Historically, it has always been the social classes with the lowest incomes that have had more children. Kids are not a financial decision, calculated in bald terms of cost or benefit, and people’s reproductive behaviour is no more susceptible to crude manipulation by the market than it is determined by the supply of condoms or population control policies. Broader, more complex social trends inform the fertility rate – and in the developed world today, these trends are far from positive.
As history has shown, a fall in the fertility rate per se is not a negative thing. It is related to industrialisation, to the level of economic and social development, which is related to improvements in infant mortality levels, increases in life expectancy, and greater affluence across society. The fact that, in the West today, people can choose their ideal family size, (relatively) safe in the knowledge that their children will not die before them and they will not have to rely on their children to boost the household income is a clear mark of progress. Even if that did mean that the fertility rate fell way below replacement levels, with some couples having only one child and others none at all, this would not necessarily be a bad thing.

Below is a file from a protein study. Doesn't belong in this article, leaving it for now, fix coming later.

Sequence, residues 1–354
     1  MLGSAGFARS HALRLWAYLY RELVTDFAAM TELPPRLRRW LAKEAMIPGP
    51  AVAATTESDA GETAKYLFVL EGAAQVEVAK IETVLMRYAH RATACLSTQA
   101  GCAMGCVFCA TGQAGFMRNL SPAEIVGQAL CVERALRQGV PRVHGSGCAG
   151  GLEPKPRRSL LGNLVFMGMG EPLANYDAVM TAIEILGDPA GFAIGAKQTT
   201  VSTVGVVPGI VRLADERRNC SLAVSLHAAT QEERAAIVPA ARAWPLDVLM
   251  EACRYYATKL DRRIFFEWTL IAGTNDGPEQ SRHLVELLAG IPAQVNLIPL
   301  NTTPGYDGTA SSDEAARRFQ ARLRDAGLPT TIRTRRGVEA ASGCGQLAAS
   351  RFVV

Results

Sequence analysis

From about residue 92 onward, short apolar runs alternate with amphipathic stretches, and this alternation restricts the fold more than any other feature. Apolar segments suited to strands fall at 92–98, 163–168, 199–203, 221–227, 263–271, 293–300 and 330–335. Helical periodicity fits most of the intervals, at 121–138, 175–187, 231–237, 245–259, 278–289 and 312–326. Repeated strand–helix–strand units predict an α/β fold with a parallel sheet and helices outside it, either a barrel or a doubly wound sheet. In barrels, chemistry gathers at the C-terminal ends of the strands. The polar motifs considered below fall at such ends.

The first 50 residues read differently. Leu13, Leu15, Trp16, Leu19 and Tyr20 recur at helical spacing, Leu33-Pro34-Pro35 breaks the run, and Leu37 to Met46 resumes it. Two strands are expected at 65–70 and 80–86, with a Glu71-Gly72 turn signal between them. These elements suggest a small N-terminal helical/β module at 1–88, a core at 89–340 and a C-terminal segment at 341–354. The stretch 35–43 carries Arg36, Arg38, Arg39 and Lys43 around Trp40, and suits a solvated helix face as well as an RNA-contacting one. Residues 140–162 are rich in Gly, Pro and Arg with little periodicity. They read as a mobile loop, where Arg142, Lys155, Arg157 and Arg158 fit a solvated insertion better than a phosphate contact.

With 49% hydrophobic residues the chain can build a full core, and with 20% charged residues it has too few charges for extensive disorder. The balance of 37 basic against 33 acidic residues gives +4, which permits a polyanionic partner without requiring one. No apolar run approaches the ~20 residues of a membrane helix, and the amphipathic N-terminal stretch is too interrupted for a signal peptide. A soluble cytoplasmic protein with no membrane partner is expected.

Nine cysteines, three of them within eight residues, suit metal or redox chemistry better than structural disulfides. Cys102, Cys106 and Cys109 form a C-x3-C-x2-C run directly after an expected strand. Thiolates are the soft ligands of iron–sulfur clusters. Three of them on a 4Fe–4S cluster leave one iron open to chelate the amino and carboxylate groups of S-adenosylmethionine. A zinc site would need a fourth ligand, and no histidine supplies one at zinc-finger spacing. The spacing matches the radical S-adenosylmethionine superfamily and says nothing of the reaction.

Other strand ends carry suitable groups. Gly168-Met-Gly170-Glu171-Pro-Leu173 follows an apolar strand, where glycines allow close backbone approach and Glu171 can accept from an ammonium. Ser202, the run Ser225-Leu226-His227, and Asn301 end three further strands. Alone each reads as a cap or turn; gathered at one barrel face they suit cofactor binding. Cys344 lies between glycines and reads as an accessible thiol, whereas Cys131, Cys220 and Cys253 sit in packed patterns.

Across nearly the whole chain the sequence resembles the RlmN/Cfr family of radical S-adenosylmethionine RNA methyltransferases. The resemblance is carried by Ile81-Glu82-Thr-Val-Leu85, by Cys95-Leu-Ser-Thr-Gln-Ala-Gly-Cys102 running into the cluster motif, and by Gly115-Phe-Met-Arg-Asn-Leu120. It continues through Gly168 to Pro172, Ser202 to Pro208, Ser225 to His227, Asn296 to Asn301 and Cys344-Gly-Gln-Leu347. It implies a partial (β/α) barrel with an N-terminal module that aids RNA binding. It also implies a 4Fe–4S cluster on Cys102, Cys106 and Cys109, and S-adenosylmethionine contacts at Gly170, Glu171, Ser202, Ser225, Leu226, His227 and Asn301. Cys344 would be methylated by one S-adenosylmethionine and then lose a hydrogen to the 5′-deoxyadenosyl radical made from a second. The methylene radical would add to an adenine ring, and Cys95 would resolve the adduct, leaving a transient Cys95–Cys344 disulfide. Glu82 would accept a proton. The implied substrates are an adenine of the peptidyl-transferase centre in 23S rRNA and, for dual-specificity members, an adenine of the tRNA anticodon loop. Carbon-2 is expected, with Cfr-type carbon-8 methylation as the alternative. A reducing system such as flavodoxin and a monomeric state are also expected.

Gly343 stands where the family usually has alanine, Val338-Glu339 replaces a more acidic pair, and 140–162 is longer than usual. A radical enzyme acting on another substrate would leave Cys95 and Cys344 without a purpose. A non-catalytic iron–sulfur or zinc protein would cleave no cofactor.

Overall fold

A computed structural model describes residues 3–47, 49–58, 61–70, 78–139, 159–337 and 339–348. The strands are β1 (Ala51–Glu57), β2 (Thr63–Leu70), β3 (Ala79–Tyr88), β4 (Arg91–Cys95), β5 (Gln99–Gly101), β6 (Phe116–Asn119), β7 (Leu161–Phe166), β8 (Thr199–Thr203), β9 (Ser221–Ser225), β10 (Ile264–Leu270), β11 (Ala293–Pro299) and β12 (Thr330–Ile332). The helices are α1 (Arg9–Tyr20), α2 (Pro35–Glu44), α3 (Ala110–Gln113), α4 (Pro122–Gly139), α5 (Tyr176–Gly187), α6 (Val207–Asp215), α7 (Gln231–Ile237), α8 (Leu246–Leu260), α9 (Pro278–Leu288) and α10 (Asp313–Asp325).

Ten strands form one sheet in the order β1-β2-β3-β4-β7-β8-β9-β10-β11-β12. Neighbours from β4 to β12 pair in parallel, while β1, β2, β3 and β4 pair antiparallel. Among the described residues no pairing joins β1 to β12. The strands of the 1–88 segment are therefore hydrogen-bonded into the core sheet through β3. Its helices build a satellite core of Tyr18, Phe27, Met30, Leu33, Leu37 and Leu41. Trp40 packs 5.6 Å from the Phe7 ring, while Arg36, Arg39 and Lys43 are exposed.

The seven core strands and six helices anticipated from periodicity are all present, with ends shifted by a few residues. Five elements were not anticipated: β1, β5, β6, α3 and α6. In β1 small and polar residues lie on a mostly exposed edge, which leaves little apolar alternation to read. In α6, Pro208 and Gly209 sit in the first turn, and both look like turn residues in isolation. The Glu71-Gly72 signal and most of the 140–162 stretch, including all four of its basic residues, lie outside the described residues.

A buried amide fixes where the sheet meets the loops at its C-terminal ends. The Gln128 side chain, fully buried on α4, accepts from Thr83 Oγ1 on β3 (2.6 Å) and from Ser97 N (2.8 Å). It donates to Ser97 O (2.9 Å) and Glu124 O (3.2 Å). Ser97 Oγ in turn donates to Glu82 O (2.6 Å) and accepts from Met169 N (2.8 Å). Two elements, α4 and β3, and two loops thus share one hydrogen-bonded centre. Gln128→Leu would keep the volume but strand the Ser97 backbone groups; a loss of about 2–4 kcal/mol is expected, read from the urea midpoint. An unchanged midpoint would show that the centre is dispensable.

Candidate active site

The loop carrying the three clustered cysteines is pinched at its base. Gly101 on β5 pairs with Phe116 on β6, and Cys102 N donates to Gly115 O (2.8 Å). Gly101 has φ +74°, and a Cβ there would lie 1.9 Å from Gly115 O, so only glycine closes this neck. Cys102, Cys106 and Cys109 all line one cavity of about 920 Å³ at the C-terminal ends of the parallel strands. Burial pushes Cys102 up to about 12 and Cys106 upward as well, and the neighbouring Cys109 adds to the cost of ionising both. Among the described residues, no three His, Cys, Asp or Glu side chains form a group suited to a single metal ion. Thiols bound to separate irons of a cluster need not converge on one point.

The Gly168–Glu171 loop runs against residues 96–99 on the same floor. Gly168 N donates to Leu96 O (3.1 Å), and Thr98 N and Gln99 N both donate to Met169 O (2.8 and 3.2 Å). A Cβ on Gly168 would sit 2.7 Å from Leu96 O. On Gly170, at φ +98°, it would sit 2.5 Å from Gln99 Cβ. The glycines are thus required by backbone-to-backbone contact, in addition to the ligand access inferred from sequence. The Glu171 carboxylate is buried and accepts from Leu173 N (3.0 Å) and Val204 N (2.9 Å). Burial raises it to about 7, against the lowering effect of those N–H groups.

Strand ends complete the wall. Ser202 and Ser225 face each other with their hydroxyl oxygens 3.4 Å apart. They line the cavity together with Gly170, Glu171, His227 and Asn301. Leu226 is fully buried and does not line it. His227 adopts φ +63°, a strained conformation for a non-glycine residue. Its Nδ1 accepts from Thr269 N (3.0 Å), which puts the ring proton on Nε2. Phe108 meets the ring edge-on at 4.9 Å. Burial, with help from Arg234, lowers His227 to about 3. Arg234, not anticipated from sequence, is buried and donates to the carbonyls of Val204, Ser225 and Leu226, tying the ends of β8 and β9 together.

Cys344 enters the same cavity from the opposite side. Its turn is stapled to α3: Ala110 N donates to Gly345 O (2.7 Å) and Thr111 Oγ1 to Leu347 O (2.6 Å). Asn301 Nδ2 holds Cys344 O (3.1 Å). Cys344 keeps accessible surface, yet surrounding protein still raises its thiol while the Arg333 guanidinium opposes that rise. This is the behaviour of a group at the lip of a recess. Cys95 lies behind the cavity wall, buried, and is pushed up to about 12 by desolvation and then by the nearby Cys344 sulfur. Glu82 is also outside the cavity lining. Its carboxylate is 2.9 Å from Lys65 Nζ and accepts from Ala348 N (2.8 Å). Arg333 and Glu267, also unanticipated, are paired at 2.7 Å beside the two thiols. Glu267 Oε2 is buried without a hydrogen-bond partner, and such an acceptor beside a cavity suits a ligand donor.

But there is a negative undercurrent to reproductive trends in the developed world, which is reflected in the angst-ridden discussion about the fertility rate and the policy solutions it provokes. From worries about the affordability of children alongside the potential expense incurred by ageing parents, the burden of parenthood versus the advantages of a life with no ties, the fears of the unpredictable impact a child can have on one’s career/sexual relationship/self-identity, the fear of responsibility faced by ‘kidults’ in their thirties who barely feel old enough to be responsible for themselves, the general anxiety about whether this is the kind of world in which one wants to raise a child anyway – these are the kind of considerations that dominate an ever-more fraught discussion about what children, ultimately, are for.
This indicates that people are not choosing childlessness for positive reasons, so much as drifting into it out of anxiety about the future, and about the consequences of parenthood. Set against all these worries, the perks of a few quid in government money and the admonition that you need kids to support you in your old age is not exactly convincing.